A Book Review of A Christmas Story by Jean Shepherd
Like the hoards of other people who faithfully watch it on television every Christmas, I love the movie A Christmas Story, based on the writings of Jean Shepherd. A few years ago, I decided to investigate Shepherd’s books, curious about his writing and how closely tied it was to the film. Now this is a little bit complicated: the movie’s story was taken from Shepherd’s books In God We Trust: All Others Pay Cash and Wanda Hickey’s Night of Golden Memories and Other Disasters, but subsequent to the great television success of the movie A Christmas Story, excerpts from these books relating to the movie were published in a new volume, titled appropriately A Christmas Story.
I have read Shepherd’s other books, and his sense of humor is really addictive. I have seen the movie hundreds of times, literally. (It’s my husband’s favorite movie, and we watch it constantly during the Christmas season.) Knowing the movie so well, it is natural to read the book and picture Peter Billingsley, the boy who played Ralphie, and hear Jean Shepherd’s own voice narrating the text, as he narrated the film. Many parts of the movie were drawn word for word from the text. There are also many differences, mostly subtle, between the movie version and Shepherd’s writings. For example, in the movie, the neighbor’s dogs break into the house and devour the Christmas turkey, thus ruining the family’s holiday feast. In the book, this happened at Easter, and it was a ham instead of a turkey. But the feeling of the book is very well translated into the film; the two are quite compatible in style.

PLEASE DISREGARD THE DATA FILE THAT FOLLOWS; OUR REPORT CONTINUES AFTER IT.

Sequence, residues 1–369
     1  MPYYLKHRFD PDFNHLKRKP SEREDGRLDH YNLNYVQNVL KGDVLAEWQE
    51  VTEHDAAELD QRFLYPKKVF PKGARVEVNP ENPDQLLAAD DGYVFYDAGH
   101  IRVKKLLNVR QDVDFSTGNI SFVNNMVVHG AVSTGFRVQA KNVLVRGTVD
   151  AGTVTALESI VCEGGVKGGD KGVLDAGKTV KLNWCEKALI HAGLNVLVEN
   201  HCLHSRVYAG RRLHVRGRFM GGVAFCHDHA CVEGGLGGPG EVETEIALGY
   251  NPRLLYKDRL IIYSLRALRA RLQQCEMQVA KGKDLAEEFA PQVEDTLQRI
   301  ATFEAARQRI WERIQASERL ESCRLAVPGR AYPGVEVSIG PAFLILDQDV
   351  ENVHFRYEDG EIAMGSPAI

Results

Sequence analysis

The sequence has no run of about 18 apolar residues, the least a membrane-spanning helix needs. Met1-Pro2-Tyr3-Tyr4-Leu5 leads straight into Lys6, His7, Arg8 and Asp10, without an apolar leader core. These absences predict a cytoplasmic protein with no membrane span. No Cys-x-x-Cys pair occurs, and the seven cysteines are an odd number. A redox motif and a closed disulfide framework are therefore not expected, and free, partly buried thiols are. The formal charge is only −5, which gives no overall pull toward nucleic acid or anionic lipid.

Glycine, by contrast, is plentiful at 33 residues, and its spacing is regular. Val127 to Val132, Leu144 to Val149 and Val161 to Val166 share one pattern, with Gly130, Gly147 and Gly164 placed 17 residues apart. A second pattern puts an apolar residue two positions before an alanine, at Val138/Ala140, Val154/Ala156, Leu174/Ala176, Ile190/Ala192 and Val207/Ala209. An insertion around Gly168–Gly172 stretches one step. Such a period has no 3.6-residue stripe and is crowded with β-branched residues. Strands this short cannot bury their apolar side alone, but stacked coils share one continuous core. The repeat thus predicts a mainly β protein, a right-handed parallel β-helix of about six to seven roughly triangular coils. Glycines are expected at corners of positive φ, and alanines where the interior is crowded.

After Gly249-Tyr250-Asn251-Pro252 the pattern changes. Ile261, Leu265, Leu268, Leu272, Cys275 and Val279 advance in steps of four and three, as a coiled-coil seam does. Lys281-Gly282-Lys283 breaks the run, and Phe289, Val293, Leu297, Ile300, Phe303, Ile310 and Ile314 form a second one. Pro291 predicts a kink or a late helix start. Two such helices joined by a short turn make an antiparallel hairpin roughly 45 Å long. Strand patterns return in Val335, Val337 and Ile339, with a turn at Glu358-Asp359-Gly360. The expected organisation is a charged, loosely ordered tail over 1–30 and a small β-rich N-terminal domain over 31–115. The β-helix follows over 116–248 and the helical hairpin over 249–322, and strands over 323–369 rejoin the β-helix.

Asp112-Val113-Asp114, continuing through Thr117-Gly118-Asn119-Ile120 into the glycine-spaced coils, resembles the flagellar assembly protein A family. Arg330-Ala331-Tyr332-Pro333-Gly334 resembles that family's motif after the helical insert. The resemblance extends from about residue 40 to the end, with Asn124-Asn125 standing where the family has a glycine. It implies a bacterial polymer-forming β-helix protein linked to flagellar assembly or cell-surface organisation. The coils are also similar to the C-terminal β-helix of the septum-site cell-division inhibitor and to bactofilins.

If you like to watch A Christmas Story around the holidays, you would enjoy this book. Not only is it enjoyable to find Shepherd’s original passages as they were prior to the making of the film, there is also a multitude of comic gems within the text that never made it to the screen. This is why I enjoyed Shepherd’s original books. There is so much about Shepherd that remains to be discovered after watching the movie. He is a true dry comic, a rare author who can combine humor with genuinely touching sentimentality. Shepherd’s picture of America is one that we can laugh at and cry over because we see our own reflection there.